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MODERN PORTFOLIO THEORY IS HARMING YOUR PORTFOLIO

SmartStops comment:  an excellent article that every investor should read as MPT continues to be deeply entrenched in our systems.  Its shortcomings are proven.  The article concludes with:

The advice that most investment advisors give their clients – At its core, the message is usually something similar to this: “The markets are random and unpredictable, so the best way to invest is to properly diversify and wait for the averages to play out.”

However, what most investors seem to be unaware of is that this whole theory of random movement of market prices was proven false over 50 years ago by one of the most influential mathematicians of the 20th century, Benoit Mandelbrot. The random motion of market prices was a very nice theory, but it just doesn’t match what actually happens in the real world.

Some excerpts from JJ Abodeely, CFA’s article :   Modern Portfolio Theory Is Harming Your Portfolio

              1. MPT and the quantification of investing has further (mis)informed the debate by seeking a easy way to label and quantify “risk.” In 1952, Harry Markowitz chose variance or volatility of prices or returns to define risk. He did so because it was mathematically elegant and computationally simple. However, this idea has serious limitations (most of which Markowitz has since acknowledged).

              On the individual stock level, Vincent notes

Risk is often in the eye of the beholder. While “quants” (who rely heavily on MPT) might view a stock that has fallen in value by   50 percent over a short period of time as quite risky (i.e. it has a high beta), others might view the investment as extremely safe,   offering an almost guaranteed return. Perhaps the stock trades well below the cash on its books and the company is likely to         generate cash going forward. This latter group of investors might even view volatility as a positive; not something that they need to be paid more to accept. On the other hand, a stock that has climbed slowly and steadily for years and accordingly has a       relatively low beta might sell at an astronomical multiple to revenue or earnings. A risk-averse, beta-focused investor is happy to add the stock to his diversified portfolio, while demanding relatively small expected upside, because of the stock’s consistent track record and low volatility. But a fundamentally-inclined investor might consider the stock a high risk investment, even in a diversified portfolio, due to its valuation. There’s a tradeoff between risk and return, but volatility and return shouldn’t necessarily have this same relationship.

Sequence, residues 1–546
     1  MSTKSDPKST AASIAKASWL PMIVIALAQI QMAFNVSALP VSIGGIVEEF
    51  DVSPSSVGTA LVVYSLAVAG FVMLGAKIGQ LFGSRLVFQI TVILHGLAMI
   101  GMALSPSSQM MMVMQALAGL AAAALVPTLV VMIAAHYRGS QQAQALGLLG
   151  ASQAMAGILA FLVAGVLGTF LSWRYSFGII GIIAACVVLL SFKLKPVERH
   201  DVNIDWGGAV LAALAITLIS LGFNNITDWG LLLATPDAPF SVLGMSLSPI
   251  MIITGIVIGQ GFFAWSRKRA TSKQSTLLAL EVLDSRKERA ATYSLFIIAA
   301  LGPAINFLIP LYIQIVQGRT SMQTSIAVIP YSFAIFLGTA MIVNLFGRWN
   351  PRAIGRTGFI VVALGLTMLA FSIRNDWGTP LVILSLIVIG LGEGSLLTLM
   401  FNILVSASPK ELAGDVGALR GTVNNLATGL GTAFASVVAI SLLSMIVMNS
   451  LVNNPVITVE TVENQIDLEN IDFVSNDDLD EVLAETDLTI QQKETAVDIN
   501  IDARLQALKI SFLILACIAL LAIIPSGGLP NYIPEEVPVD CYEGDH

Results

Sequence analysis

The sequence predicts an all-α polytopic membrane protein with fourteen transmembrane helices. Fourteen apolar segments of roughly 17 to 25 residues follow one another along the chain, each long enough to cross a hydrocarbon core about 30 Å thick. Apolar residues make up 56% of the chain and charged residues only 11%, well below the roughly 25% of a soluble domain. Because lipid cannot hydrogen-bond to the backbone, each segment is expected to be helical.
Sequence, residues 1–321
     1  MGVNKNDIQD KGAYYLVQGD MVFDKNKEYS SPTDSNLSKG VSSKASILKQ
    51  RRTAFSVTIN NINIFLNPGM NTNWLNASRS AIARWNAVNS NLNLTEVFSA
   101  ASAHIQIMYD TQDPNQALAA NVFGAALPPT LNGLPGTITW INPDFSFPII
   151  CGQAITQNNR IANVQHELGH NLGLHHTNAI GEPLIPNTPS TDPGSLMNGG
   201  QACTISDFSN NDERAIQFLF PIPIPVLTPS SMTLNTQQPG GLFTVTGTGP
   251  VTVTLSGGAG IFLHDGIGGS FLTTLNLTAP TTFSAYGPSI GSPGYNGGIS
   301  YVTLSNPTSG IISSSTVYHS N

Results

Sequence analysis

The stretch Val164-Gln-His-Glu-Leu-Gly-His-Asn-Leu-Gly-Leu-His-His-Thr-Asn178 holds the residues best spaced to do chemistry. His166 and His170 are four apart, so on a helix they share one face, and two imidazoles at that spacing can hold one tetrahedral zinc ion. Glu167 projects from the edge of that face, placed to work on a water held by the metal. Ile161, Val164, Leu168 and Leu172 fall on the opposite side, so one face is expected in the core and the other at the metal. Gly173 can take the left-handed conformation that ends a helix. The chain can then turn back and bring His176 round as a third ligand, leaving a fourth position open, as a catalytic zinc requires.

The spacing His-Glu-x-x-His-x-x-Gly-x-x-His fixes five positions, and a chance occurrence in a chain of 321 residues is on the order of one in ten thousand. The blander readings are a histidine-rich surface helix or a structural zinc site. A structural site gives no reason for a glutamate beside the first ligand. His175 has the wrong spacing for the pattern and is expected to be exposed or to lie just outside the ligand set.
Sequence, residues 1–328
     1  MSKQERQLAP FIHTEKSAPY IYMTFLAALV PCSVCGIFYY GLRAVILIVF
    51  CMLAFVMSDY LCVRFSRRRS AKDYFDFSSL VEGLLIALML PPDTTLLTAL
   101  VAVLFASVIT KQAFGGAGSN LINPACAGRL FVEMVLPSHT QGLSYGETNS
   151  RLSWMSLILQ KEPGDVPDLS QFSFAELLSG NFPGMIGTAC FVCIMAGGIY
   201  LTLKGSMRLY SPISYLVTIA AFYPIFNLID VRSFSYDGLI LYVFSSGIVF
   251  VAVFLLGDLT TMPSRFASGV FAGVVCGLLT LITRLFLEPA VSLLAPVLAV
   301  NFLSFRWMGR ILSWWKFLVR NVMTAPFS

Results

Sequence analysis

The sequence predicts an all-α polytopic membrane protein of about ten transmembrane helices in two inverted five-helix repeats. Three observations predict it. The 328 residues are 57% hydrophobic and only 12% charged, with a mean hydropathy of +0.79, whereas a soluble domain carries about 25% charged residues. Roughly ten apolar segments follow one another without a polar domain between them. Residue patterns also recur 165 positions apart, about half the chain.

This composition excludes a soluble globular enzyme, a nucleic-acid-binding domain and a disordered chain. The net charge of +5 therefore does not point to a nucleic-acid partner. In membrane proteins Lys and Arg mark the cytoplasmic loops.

2.  After all, if you buy and hold the market you can earn the long-term returns right? Unfortunately, the answer to that is no. The long-term “average” returns are rarely available. In fact, depending on where you are standing, the returns are either much higher, or much lower. Consider this chart from Crestmont Research which shows that even for periods as long as 10 years, average rarely occurs:

10_yr_Rolling_Stock_Market_Return

3. Consider this chart which you’ve probably seen in one form or another. It shows expected risk and return of various mixes of asset classes and the typical approach to asset allocation which Modern Portfolio Theory has spawned:

Sample_Asset_Allocation_Risk_Expected_Returns

So what’s wrong with this picture? Lots of things.

The first is the inputs– namely expected returns and volatilities of various asset classes– most investment programs are built on logic like this:

  • Bonds will return 5% on average over the long-term but be between 0-10% in any given year
  • Stocks will return 10% on average over the long-term but be between -10% and +20% in any given year
  • Some might include other nuance regarding different types of bonds like High Yield or different types of stocks like Emerging Markets
  • Some might include different types of assets like real estate, commodities, or “alternatives”

The problem of course is this is an incomplete description of investment returns:

  • The math contends that returns are randomly and unpredictably distributed around the average
  • This “normal distribution” of returns contends that larger market movements outside of the ranges above will be relatively rare
  • “Average” returns ignore the role of valuation and the importance of when you start investing (buy) and when you finish (sell) even over multi-decade time horizons

The traditional approach to asset allocation is built on false axioms. The phenomenal secular bull market in stocks and bonds from 1982-1999 created the perfect conditions for the nearly religious acceptance of MPT. In a recent post, Expensive Markets Mean Low (or Negative) Prospective Returns, I made the case that valuation matters greatly and currently portend disappointing returns for both stocks and bonds. Traditional asset allocation has no way of dealing with this in a way that successfully protects portfolios from experiencing meaningful and unnecessary drawdowns.

Read JJ Abodeely, CFA’s article :   Modern Portfolio Theory Is Harming Your Portfolio in its entirety.

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